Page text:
Scifi Eye: The terrifying potential of future weather

Scifi novelist Jon Wallace considers future weather and our struggle for survival with our natural foe and ally 

Many of our earliest stories were shaped by the weather, as the struggle for survival was decided in significant part by the success or failure of crops. It’s easy to see how, helpless before Nature’s fickle distribution of light and rain, early minds thought weather the work of cruel gods, drought and famine manifestations of their displeasure. Humans spent centuries praying, dancing or sacrificing to appease these deities and conjure rain, or indeed keep off too much of it: fearful of incurring an Abrahamic flood or other inclement biblical punishment, such as raining frogs and killer hailstorms.

The value of better understanding the weather helped meteorology become one of the most ancient and sought-after sciences, setting humanity on a path free of superstition and

ritual (although gods still raise their heads again in desperate moments — the governor of Texas ordered a day of prayer to break 2011’s devastating drought).

future weather
Extreme weather has provided the premise for many future stories

Stories developed alongside meteorology to reflect our increasing ability to measure and explain the weather and also our continuing inability to control it. So it is that individuals with

a power to bend the weather to their will have retained a supernatural quality, living often in comic book form as reimagined gods (Thor) or superpowered mutant (Storm of the X-Men). Occasionally the genre pokes fun at the very idea: Ron McKenna, of Douglas Adams’ So Long and Thanks for All the Fish, is a rain god cursed by the drizzle he carries with him wherever he goes.

In the last half century, however, the story has rather changed. As we have come to understand that human progress is making the weather yet more unpredictable, a new sense of helplessness before imminent catastrophe, biblical in scope, has set in: worse, the part of the gods is extinguished, making man himself the architect of terrifying storms, floods and droughts.

Apocalyptic fiction has bloomed as modern scifi writers explore the implications of this unwanted responsibility. Extreme weather has created many future stories: for example: the floods and freezing of The Day After Tomorrow. In turn, an entire branch of ‘cli-fi’ literature has emerged to guess at the manner in which gathering storm clouds will break: Kim Stanley Robinson’s Science in the Capital trilogy, alongside work such as The Water Knife.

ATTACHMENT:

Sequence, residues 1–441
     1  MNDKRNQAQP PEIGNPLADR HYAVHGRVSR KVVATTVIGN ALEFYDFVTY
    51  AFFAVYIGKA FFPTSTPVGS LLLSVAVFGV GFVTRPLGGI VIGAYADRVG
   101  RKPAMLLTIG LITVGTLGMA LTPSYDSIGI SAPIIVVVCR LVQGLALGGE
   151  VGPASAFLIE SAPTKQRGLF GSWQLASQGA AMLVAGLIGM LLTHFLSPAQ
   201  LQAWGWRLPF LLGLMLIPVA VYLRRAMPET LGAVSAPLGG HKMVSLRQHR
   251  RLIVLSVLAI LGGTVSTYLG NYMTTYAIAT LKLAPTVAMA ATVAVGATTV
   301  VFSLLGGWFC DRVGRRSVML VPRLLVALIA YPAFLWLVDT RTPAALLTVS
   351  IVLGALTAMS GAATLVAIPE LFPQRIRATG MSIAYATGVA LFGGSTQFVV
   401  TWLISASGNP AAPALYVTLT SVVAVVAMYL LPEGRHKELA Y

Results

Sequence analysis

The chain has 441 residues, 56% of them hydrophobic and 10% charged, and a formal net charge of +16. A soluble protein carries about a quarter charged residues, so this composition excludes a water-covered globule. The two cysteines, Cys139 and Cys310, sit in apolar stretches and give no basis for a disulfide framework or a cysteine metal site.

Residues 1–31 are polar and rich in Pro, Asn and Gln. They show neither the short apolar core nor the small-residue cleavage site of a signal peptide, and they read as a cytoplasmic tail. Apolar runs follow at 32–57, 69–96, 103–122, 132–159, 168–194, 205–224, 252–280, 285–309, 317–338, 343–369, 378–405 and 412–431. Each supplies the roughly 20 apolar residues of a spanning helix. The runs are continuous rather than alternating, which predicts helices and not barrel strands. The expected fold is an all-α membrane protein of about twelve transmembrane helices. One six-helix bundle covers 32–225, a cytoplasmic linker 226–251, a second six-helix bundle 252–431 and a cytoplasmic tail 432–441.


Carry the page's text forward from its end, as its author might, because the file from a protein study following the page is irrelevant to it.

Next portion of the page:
For the scifi writer exhausted with such a relentlessly bleak outlook, the pages of The Engineer do offer at least the glimpse of an alternative future. Reports such as that on new Global Environmental Monitoring Satellites (GEMS), offering ‘a new paradigm in weather forecasting’, allow us to imagine salvation through the application of science: writers might be tempted to craft tales of future systems that might grant humanity control of snow, rain and heat.

Still, optimism can only stretch so far if we are to produce a good story: contented, sunlit futures have little scope for excitement. Rather the scifi author would do better to ask: would men fail to control the climate as much as they have their carbon emissions?

After all, even in a future of computerised world weather control, some would be unhappy: imagine a future group of forecasters, put out of work by weather machines and driven mad by

their loss of eminence. Seeking revenge, they hack the weather control programmes and

plunge the world into chaos, plagued by typhoons, fogs, electrical storms and droughts.

The forecasters return civilisation to a primitive state and become future gods, demanding sacrifices from the terrified populace in return for clement conditions.

Control of the weather may also not work out too well: imagine some future British government that deploys a device to bask the country in sunshine, hoping to boost tourism. The technology works perfectly, but the plan fails: visits to the UK drop off, as tourists are denied one of the defining features of a UK holiday: persistent drizzle.

Indeed, a culture such as England’s, where ice is so often broken via discussion of unwelcome precipitation, could be badly affected by perfectly ordered atmospheric conditions. We could tell the story of a future government that orders sun-drenched bank holidays and rain-soaked working hours in the hope of boosting productivity. Instead, the country is racked by depression, as the population stays home — unable to function without the soothing social bond of whining about the unpredictable ‘bloody weather’.

The scope for such stories is boundless; for, however much we might moan about grey skies and storms, the weather crafts our characters’ worlds and holds up a mirror to their state of mind. The more unsettled are conditions, the better the outlook for adventure.

Jon Wallace is a science fiction writer. He is author of Barricade, published by Gollancz

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